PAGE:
We already know that Covid has changed our lives in remarkable ways. I won’t bore you with those details— you’re already well aware that you’re working from your dining room table, home schooling people you love but wish were out of your home for most of the work week, and eating way too many Twinkies*.
I’d like for us to talk about the tectonic shifts that are happening with what we believe actually matters in our lives now, and how we can harness these shifts to our advantage.
A quick lesson in death (to help bring us back to life).
Now that we’ve surpassed the dreadful mark of 1,000,000 lives lost to Covid (200,000 of those souls in the US), the awareness of death has slapped some of us in the face with loss too close to home. For most of us it has seeped into our consciousness and become like a way less fun game of Six Degrees of Kevin Bacon**: how many people does it take to connect you to the cold grip of Covid death?
Brushes with death can bring what is known as Terror Management Theory to life– triggering us to double-down on our established worldviews (like our political and religious beliefs) and bolster our self-esteem as a way to feel more secure and lasting in an unfortunately temporary world. These behaviors can be a tad unbecoming. Death awareness can do more than elicit this kind of defensiveness, however. I’ve said it before (here) that Covid has provided an extraordinary summoning for most of us. Grasping the impermanence of our existence can act as a proverbial wake up call, waking us up to live on purpose with the time we have left.
We have a lot to learn from people who have undergone near-death experiences or close encounters with death. They tend to favorably sharpen and prioritize their values, which typically shift from culturally conditioned matters of importance (like what kind of car we drive) to more personal and intrinsic values (like who we’re driving to spend precious time with, in whatever make and model of car gets us there). Those who have sidled up closely with death typically undergo revised ways of seeing themselves, others, and the concept of time. Many open themselves up to new educational, career and relationship experiences as they grow and shape their new beliefs– essentially creating an architecture of understanding in their heads that enables the acknowledgment of paradox– that meaning and richness can be found in the midst of complex despair (we’ll talk more about Post Traumatic Growth in an upcoming article, kids).
Cancer patients, for example, often find meaning by reappraising their lives and finding their time more valuable, developing refreshed attitudes towards their lives, becoming more self-aware and reorganizing their priorities to diminish what they once saw as trivial issues– like worrying about logging in late for a Zoom meeting, or concerning themselves with other people’s problems. These patients lasered in on what they deemed to be the important things in life (people that mattered, revitalizing interests, etc.). We might not be able to care less about the trivial things, but can we care more about the more meaningful things?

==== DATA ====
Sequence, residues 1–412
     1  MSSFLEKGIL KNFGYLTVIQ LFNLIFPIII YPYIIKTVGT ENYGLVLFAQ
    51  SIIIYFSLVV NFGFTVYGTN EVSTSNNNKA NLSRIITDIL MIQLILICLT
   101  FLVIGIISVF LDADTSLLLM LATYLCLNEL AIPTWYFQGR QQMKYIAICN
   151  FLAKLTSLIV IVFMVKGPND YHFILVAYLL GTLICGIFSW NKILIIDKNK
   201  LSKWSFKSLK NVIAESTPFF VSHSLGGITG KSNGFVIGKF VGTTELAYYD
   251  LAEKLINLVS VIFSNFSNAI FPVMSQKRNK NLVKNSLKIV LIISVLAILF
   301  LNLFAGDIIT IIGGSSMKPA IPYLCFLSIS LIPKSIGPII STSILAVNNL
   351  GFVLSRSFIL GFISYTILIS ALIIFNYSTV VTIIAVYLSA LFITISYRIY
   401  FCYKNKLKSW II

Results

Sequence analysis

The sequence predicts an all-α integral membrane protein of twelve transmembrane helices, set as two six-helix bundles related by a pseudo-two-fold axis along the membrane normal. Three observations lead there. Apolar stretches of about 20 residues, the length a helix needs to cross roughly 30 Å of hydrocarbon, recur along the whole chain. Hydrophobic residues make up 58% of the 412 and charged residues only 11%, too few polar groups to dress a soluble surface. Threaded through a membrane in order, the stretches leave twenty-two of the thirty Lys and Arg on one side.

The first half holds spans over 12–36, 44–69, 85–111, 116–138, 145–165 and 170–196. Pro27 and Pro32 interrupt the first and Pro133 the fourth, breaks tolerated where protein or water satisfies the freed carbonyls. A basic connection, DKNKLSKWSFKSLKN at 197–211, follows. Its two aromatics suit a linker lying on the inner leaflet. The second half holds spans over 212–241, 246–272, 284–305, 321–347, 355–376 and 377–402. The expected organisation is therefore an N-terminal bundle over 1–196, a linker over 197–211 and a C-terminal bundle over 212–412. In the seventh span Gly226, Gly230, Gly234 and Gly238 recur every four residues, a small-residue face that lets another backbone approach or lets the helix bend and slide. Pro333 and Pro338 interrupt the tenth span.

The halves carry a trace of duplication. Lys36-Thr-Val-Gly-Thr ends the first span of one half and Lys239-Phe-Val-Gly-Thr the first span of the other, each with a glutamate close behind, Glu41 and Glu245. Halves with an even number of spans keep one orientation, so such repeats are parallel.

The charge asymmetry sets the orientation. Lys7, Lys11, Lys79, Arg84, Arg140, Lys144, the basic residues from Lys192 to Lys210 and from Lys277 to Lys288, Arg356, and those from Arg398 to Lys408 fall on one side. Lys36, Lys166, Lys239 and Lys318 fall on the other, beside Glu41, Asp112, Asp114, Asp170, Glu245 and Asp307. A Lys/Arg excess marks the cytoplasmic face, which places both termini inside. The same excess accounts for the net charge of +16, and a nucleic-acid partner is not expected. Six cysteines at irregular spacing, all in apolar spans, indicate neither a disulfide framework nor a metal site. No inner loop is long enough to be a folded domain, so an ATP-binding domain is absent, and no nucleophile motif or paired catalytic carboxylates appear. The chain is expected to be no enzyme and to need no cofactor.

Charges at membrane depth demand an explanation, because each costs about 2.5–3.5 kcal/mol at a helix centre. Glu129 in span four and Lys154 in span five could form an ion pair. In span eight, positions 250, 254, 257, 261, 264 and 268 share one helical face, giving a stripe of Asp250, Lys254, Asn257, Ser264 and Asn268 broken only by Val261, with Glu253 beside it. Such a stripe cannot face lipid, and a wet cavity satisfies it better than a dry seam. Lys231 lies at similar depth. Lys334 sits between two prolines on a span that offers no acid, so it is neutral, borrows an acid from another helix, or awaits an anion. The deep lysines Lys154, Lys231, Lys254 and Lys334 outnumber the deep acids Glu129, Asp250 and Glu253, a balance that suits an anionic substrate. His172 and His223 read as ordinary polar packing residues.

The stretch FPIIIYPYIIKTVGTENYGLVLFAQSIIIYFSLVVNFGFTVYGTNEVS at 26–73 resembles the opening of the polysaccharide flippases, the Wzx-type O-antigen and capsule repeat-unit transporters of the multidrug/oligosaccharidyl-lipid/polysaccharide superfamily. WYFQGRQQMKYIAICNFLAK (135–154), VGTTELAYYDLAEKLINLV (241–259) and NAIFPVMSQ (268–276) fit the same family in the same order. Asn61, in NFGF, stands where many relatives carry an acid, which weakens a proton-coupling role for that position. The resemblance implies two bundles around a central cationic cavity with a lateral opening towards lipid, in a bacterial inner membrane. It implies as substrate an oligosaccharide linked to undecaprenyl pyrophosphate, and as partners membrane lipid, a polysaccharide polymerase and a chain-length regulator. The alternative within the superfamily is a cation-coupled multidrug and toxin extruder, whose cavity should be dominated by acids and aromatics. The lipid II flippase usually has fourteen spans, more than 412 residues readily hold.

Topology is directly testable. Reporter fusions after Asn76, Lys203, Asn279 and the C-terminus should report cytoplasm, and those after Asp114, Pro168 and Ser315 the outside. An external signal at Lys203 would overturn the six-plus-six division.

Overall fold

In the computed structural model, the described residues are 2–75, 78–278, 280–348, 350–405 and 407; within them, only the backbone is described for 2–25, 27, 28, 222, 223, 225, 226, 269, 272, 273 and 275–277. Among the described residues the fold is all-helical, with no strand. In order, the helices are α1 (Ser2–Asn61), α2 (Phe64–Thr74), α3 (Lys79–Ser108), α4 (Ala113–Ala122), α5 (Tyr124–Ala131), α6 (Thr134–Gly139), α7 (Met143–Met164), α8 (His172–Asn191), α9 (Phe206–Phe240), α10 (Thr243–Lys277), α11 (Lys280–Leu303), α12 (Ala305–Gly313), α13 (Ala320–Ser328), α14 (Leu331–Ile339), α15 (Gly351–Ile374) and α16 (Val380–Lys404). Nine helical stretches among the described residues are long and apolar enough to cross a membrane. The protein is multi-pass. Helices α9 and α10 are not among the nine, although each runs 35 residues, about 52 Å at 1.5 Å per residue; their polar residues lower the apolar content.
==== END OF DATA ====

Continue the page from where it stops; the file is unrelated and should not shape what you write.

Covid’s impact on shifting life priorities.
Many of my clients are noticing new priorities emerge out of the rubble of working from home. For some their careers– once the epicenter of their lives– have shifted downward on the priority scale as family needs have demanded more attention. Initially resentful of this, many clients are softening to the idea that a different kind of balance between work time and family time might be in order. Conversely, some are finding work to be even more energizing and are reengaging like never before. More joy and fulfillment might be possible in different corners of these clients’ lives.
Some people I am working with are reflecting on the shortcomings of their lives (in a healthy, non-depressing way)– thinking about the gaps (or chasms) between what they once said they wanted out of life and the reality of the lives they’re living. I’m a big fan of the Deathbed Regret Test: imagining yourself (peaceful, painless and pretty) on your deathbed, thinking back on what you’d be proud of and how you maybe wished you’d spent your life (especially 2020-2022). That can be the catalyst to readjust your own list of priorities.
It’s not that most of us want MORE out of life right now, it’s that we want it different &/or better. (Okay. I want the more part bigtime, but mostly just the better part.) Many are now prioritizing their relationships/ connections with others, personal growth and development (hear ye, hear ye), health (other than the Twinkies), spirituality (24% say their faith has grown during Covid)… you name it. There is no right priority to awaken to; it’s relative to each one of us.